Collie Safe Meds Questions

Discussion in 'Collie (Rough)' started by Pnerissa, Apr 11, 2018.

  1. Pnerissa

    Pnerissa New Member

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    Collie Safe Meds

    Hi, I'm new to the forum, but not to dogs, although I have been away from Collies for a while. I have Riley, who will be 4 months old this Friday. I've had him about 5 weeks now (he was a rehome rescue) and he just finished his last round of shots. While I was at the vet's office I went ahead and requested a collie safe heartworm preventative because I know that collies can't (or shouldn't) have Ivermectin (and Riley hasn't been tested yet for the MDR-1 gene.) It was mainly the vet tech that I dealt with, but I felt like I had to educate her about it. Riley received Sentinel. They also tried to push a flea/tick pill on us and sent us home with Simparica. Well, I took the time to read the packaging and the next morning I was calling the vet because it specifically says "not for use on puppies under 6 months of age" and something to the effect of severe neurological damage. Needless to say I didn't use it and returned it and have been in a bit of limbo since. The Sentinel protects against fleas, but not ticks (I was curious as to why they tried to push two flea treatments on him when he didn't even have fleas.) Anyway, I digress.

    I would like to protect him against future fleas/ticks, but I want to do it safely. He's going to be my hiking buddy and he doesn't need any nasty little hitchhikers. Have there been any advancements in collie safe medication? It's been about 15 years since I've owned a collie.

    Thanks!
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  3. Malka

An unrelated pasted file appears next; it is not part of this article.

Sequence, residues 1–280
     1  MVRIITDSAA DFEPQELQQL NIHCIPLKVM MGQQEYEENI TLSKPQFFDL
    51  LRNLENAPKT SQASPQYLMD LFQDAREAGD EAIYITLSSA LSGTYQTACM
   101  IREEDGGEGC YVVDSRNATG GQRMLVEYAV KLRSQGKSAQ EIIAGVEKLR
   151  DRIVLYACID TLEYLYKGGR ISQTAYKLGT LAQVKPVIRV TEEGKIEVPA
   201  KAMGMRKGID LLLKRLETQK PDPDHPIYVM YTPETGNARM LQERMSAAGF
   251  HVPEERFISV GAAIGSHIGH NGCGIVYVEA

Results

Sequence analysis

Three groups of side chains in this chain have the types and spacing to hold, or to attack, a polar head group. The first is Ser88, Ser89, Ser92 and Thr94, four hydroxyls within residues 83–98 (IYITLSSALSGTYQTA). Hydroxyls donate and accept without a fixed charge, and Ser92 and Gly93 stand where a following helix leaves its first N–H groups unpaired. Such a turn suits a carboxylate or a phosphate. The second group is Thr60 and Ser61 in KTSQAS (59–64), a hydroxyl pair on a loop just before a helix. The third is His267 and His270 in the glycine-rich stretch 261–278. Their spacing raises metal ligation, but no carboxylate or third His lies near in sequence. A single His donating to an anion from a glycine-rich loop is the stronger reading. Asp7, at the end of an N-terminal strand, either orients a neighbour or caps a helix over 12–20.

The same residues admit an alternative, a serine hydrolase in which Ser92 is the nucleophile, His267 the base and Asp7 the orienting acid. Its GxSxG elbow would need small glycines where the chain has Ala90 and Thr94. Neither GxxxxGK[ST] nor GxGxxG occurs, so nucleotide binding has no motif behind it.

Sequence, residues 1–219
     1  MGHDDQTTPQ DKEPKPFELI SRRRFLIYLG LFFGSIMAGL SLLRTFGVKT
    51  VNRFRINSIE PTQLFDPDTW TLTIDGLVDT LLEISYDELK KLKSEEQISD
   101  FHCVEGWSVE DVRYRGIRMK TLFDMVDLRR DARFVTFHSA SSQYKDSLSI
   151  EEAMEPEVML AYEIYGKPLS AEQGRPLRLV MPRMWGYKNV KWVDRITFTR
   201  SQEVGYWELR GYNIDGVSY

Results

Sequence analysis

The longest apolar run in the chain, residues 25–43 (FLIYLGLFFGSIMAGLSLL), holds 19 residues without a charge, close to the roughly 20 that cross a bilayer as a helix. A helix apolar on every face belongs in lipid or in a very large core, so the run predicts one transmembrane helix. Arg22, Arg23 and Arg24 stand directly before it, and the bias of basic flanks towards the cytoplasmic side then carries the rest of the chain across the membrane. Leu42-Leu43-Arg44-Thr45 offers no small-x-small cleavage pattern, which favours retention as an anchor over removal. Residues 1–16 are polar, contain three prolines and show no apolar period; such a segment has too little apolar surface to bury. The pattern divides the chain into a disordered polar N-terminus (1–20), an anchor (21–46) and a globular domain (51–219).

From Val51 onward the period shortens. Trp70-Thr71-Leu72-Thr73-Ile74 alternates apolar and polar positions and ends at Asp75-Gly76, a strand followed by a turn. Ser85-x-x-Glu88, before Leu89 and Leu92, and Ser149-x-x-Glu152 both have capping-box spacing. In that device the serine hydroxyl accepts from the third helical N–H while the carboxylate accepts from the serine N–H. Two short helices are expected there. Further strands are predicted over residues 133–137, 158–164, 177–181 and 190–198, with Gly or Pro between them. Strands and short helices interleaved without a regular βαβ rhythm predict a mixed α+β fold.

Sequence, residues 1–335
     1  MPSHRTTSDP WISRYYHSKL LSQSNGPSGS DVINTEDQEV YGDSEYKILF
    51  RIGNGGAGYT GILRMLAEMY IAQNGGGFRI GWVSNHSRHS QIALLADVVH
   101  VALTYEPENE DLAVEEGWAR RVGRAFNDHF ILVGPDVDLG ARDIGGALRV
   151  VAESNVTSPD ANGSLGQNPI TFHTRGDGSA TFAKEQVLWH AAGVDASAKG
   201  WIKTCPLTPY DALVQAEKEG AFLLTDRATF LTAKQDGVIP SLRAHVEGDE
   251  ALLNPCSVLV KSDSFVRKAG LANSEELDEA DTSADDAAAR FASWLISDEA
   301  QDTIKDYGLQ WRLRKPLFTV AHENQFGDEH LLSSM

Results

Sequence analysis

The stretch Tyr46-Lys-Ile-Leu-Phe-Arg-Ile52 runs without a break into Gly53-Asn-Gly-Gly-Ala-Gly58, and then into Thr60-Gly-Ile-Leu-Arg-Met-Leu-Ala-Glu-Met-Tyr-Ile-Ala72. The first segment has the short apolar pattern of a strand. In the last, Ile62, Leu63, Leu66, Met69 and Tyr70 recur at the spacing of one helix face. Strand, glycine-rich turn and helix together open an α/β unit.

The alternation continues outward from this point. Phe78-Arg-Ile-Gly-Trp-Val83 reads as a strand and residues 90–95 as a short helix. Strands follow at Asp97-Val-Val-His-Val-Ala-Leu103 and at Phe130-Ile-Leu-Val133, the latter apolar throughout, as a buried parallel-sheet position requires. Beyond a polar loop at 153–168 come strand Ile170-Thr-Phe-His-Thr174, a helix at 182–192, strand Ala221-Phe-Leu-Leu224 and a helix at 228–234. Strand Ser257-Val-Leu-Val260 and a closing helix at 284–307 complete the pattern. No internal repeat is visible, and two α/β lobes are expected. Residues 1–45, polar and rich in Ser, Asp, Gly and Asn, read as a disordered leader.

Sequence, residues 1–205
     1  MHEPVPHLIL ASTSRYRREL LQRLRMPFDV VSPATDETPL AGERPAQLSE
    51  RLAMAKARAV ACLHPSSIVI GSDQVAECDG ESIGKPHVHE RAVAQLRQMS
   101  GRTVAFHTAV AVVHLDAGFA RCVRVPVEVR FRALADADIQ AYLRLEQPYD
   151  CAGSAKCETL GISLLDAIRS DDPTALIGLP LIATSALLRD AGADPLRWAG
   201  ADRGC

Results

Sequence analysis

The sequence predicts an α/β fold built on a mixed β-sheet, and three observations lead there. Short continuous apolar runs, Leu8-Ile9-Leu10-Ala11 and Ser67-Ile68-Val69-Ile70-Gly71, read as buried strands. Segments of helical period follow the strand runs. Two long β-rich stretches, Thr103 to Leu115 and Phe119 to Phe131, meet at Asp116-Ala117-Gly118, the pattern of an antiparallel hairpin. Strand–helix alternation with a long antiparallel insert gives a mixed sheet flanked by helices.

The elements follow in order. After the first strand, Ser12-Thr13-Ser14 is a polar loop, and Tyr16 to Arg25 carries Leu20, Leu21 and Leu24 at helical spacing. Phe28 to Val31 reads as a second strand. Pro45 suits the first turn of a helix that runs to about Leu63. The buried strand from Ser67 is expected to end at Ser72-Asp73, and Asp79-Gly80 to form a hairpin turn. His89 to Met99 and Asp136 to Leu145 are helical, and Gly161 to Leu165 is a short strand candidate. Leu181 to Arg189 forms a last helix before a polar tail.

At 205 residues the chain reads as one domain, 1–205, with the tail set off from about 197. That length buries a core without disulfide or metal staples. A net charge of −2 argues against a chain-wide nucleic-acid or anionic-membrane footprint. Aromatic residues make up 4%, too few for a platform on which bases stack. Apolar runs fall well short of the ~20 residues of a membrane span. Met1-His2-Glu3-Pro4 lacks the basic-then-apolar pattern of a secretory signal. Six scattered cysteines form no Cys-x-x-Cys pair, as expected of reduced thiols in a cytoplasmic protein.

Malka Member

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    Hello Beverly - welcome to you and Riley to Breedia from Tikva and from me :039:

    You are correct with regard to Ivermectin and Collies as it is a known trigger for epilepsy in both rough, smooth and BCs. I do not know anything about Simparica although of course I could look it up, but it is a product I have never heard about, but if it says "not for use on puppies under 6 months of age" and something to the effect of severe neurological damage, I would definitely avoid it. Not because of the "not for use on puppies under 6 months of age" but because of the possibility of severe neurological damage.

    Regarding fleas and ticks - I always used Frontline Spot-on on both my previous two dogs and was happy with it - even my severely epileptic Pereg [the one in my avatar] and she had not reaction to it. Not did it cause her epilepsy in the first place. I tried to use the Spot-on on Tikva, my current little dog, as her coat is so very short and it was impossible to get the Frontline onto her actual skin, although when she was very young I used the Frontline spray and rubbed it in.